Learning Ruby, Day Two


Regular expressions are sort of like in Perl, in that you would write them like this:

if str =~ /Tara|Clark/
  #do something

Blocks seem a bit confusing as well. Well I understand the idea of curl braces or do…end distinguishing it from other sections of code, but what confuses me is what they’re used for. The idea of iterators that confused me yesterday makes more sense now, but the idea of associating a block with a method call doesn’t make sense.

Exceptions are caught like this:

  var = try_something_that_could_fail()
rescue CoolException
  STDERR.puts "Useful message " + "I am cool"
rescue Exception => e
  STDERR.puts "Caught Exception with message #{e.message}"

irb, or Interactive Ruby, is useful for executing single expressions to see how they work. Try the script/console wrapper.

Predicate methods end with a question mark, like empty? and returns a boolean value.

Bang methods end with an exclamation mark, like empty! which I’m assuming would empty the object.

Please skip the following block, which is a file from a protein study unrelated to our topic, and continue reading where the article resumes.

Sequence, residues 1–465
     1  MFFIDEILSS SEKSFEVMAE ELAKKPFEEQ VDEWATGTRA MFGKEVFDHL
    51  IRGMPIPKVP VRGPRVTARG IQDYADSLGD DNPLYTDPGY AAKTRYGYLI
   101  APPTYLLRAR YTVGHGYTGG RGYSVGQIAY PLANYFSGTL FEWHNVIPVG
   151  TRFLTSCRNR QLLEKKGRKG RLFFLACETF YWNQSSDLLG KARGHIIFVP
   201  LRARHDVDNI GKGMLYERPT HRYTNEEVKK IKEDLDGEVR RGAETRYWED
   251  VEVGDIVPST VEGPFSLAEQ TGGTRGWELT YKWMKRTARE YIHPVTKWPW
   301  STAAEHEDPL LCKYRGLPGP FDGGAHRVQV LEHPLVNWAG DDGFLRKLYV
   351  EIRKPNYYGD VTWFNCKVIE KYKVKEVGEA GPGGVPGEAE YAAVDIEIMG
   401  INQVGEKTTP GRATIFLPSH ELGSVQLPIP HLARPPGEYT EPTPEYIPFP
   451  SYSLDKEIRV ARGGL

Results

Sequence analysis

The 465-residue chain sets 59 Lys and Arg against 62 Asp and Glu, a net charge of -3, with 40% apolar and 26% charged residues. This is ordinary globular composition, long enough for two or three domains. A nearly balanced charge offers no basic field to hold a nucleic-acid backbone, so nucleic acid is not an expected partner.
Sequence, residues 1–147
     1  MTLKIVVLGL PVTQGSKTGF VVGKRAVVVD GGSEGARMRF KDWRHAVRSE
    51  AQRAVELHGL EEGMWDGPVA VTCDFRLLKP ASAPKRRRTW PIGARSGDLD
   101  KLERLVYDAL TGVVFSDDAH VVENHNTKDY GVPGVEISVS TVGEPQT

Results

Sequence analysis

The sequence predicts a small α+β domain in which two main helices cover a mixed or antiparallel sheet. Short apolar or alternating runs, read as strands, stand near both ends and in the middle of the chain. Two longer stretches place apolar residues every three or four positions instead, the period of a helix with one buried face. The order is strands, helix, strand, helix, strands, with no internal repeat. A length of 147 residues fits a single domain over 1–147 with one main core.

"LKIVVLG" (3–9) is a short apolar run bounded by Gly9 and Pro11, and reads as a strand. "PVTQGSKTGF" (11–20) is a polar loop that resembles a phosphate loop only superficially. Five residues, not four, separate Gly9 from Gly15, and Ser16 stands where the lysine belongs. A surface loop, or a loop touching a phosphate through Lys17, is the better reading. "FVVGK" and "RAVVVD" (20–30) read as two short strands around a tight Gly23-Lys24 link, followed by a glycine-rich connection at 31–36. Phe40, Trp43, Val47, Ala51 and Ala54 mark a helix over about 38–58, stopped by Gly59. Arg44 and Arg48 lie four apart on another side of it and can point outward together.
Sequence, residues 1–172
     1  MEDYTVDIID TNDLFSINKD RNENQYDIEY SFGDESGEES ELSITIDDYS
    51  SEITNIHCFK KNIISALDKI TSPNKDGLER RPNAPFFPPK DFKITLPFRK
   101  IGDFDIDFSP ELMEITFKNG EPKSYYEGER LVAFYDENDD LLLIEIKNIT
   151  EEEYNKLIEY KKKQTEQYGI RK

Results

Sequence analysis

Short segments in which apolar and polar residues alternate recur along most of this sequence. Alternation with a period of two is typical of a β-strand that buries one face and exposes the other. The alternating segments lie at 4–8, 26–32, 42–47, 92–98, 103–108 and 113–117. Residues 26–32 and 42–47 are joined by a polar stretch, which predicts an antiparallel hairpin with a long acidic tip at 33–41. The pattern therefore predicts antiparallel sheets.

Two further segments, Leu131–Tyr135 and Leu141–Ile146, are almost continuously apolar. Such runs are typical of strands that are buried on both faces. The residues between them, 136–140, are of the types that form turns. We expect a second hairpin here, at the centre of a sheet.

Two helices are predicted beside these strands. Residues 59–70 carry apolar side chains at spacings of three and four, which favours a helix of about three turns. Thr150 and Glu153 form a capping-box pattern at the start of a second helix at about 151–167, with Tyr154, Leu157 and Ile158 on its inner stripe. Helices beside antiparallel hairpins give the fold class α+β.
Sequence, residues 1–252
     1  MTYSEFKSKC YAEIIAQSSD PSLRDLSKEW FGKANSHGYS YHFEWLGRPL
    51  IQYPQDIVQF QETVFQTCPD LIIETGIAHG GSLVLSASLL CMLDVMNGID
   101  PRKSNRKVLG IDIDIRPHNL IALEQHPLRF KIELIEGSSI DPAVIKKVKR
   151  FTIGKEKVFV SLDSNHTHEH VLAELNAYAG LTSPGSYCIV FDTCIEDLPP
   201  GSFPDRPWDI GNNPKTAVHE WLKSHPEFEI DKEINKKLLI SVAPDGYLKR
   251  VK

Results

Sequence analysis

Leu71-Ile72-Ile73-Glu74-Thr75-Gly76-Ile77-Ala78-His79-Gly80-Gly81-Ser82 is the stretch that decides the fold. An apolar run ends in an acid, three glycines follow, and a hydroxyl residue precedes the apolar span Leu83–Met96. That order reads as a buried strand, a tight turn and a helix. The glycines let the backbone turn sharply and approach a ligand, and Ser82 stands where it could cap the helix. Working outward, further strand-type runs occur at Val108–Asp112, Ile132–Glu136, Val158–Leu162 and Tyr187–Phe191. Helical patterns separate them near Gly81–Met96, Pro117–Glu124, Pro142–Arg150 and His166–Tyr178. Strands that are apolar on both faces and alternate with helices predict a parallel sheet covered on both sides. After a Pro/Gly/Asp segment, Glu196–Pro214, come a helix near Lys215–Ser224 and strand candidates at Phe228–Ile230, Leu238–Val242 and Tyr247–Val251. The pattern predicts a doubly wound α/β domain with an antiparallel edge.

Like Perl, Ruby has the || operator. So my_var ||= 5 is an excellent way to assign default values since it is equivalent to my_var = my_var || 5, which will keep my_var at its current value if unless it’s false or nil, in which case it will assign 5 to it.

Use self. instead of ClassName. for safety reasons in inheritance setups.

RDoc is like PHPDoc/JavaDoc.

There, I’m now done with the Introduction to Ruby appendix!


One Response to “Learning Ruby, Day Two”

  1. Blocks are Closures — http://en.wikipedia.org/wiki/Closure_%28computer_science%29

    Predicate methods indeed return boolean values.

    Bang methods modify the object, while their non-bang counterparts do not.

    irb(main):001:0> foo = "abc123"
    => "abc123"
    irb(main):002:0> foo.gsub(/[a-z]/, '*')
    => "***123"
    irb(main):003:0> foo
    => "abc123"
    irb(main):004:0> foo.gsub!(/[a-z]/, '*')
    => "***123"
    irb(main):005:0> foo
    => "***123"

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